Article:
06 August 2005

Bonus double post: two issues I might have blogged about if I had been blogging this week

1. The new laptop

To those who have asked, it's a Dell Latitude D810 with a wide screen. Even though the screen is wider, it's not as high-res as my previous laptop, so there's less real estate on my Windows Desktop, and the fonts don't look as smooth. But fonts and pictures are bigger, so it's much easier on the eyes. Already I'm not squinting as much.

I mentioned that getting a new computer is a drawn-out, high-stress ordeal for me. Unlike almost everyone else I know, I simply cannot start with a factory-installed version of Windows and add individual applications as I use them over a period of many weeks. I have this obsessive need to install all my software up front, set every program's options as nearly as possible to the same settings I had on the old computer, and make sure all my data, directories, and utilities are in exactly the same places they were on the old computer. Until then, I can't use the computer very productively.

One of the first things I do with a new computer is systematically uninstall and delete most of the factory-installed, space-wasting promo-ware, free trial software, and useless utilities that always come pre-loaded on a new computer. It's not that I need the space; I just despise the clutter. That gives you an idea of how finicky I am when it comes to setting up a new computer—and why it's at least a two-day process.

What's "new" about the new computer when Phil is finished with it? you may wonder. Well, I always change the wallpaper. And of course, I appreciate the higher speed and many additional features that come with every new computer. I also take the opportunity while reinstalling to make sure I have all the latest upgrades and drivers for everything. But I still want the new computer's directory structures, start menus, and program selection to work as much like the old one as possible.

For that reason, I'm still using a directory structure that had its genesis on the first IBM-PC I ever owned, back in the days of DOS 1.0.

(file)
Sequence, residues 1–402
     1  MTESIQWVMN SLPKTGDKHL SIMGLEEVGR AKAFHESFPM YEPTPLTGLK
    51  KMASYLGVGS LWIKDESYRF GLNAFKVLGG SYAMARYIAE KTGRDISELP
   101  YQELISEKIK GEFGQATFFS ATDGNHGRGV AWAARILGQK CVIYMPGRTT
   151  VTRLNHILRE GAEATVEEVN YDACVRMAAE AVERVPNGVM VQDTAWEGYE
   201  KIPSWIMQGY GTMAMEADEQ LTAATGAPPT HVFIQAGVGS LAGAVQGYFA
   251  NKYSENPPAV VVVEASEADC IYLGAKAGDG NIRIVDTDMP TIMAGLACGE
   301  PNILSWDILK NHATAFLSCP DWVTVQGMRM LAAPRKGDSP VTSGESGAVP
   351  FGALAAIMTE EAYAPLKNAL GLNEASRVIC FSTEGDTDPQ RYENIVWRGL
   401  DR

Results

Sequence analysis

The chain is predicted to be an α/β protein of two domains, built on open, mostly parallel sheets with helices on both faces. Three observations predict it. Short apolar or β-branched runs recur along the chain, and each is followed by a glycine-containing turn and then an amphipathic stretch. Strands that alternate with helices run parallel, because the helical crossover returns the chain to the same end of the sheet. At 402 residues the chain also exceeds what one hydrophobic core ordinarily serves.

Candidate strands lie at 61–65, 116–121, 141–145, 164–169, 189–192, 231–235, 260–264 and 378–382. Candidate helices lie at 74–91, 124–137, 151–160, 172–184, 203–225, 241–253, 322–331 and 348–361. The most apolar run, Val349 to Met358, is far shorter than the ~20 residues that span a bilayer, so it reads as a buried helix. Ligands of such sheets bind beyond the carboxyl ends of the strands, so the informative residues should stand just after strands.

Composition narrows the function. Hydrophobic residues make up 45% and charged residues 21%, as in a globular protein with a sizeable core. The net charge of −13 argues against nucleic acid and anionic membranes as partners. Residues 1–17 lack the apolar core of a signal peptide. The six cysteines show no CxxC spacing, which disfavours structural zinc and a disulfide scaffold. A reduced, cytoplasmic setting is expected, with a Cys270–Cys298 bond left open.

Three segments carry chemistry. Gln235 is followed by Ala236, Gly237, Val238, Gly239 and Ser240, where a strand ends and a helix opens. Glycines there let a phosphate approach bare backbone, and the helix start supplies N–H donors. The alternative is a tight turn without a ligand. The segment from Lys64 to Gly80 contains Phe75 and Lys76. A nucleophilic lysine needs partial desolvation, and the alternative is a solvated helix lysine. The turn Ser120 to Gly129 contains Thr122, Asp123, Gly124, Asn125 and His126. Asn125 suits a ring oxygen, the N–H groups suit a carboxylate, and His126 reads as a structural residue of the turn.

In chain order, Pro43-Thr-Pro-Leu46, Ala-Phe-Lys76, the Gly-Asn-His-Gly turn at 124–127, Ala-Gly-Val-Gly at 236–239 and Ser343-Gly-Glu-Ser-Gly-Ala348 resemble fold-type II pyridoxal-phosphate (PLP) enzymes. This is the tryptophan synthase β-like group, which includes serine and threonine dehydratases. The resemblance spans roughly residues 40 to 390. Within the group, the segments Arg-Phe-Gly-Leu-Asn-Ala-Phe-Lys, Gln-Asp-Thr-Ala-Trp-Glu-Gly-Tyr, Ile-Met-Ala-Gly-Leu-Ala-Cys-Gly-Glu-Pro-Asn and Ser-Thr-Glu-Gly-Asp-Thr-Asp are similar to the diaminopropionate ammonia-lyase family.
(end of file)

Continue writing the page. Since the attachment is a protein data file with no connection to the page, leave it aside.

As a matter of fact, I began using a personal computer for writing and editing in 1981, about 6 months before the start of the PC era and the rise of Bill Gates. My first computer (a NEC pc-8001) used an operating system called CP/M, which was very crude but quite efficient. CP/M was similar to DOS; in fact, a lot of DOS features were borrowed directly from CP/M. When you booted your computer, you got a C:> prompt; nothing more.

I still like C:> prompts and command lines. I'm comfortable with them. I prefer to be in control of the computer as opposed to having it control me. I also still do a lot of file-management stuff in a DOS window, using some of the same DOS utilities I've used for two decades. For that reason, I still name most of my files and directories with eight-character-or-less words, using (at most) a single three-letter filename extension.

Oh, and my favorite word processor is still WordPerfect 5.1 for DOS. I run it in a DOS Window, and use it ten times more than any other word processor or text editor. In fact, I use it exclusively when I'm dealing with book-length editorial projects.

So you know I'm not going to let a professional IT guy install my software for me. I appreciate what those guys do, but I want my computer set up the way I want it, as lean and mean as possible.

Incidentally, the two go-to guys for IT help at Grace to You are Bill and Ted.

No, I'm serious. Bill Fickett (one of the organization's key departmental directors) is a supremely competent guy who is more knowledgeable about the latest software and technology than anyone I know. Ted Ng, our main computer-support guru, can quickly fix most software and hardware problems. And if he can't fix it, he'll find out how. It's Ted's job to install software for everyone but me (and Bill, I suppose). I had to get Ted to bail me out about four times this week. I consulted Bill's expertise only once or twice. (Bill has had a family medical crisis this week, involving his son Cooper. Thankfully, the worst seems to be over, and Cooper is home from hospital.)

The only major glitch in all my software reinstalls came when Libronix (formerly "Logos Bible Study Software") stubbornly refused to run after installation, re-installation, and several tweaks and re-installations. I tried every remedy suggested on the FAQ at their website. Didn't help. A quick call to their support line got the issue resolved pretty easily. I think I made only one other support-line call, to Adobe, because my serial number for Adobe Audition (my sound-editing software), was an upgrade number, so Audition insisted that I reinstall the original version of CoolEdit that I upgraded from, and then go through the upgrades again. I have a few programs that require such a process. (It strikes me as sheer folly to make reinstalls so difficult for users.) In other cases, I have been instructed to save old versions in case reinstallation is ever necessary. But when I upgraded from CoolEdit to Adobe, the new software had no warning about keeping old versions, so I threw away my original CoolEdit programs two years ago, when I upgraded. That's just one example of the kind of thing that makes reinstalling software so intensely frustrating, but the Adobe customer service guy was friendly, helpful, and understanding—and he managed to work out a solution for me, even though it took about 30 minutes to do so.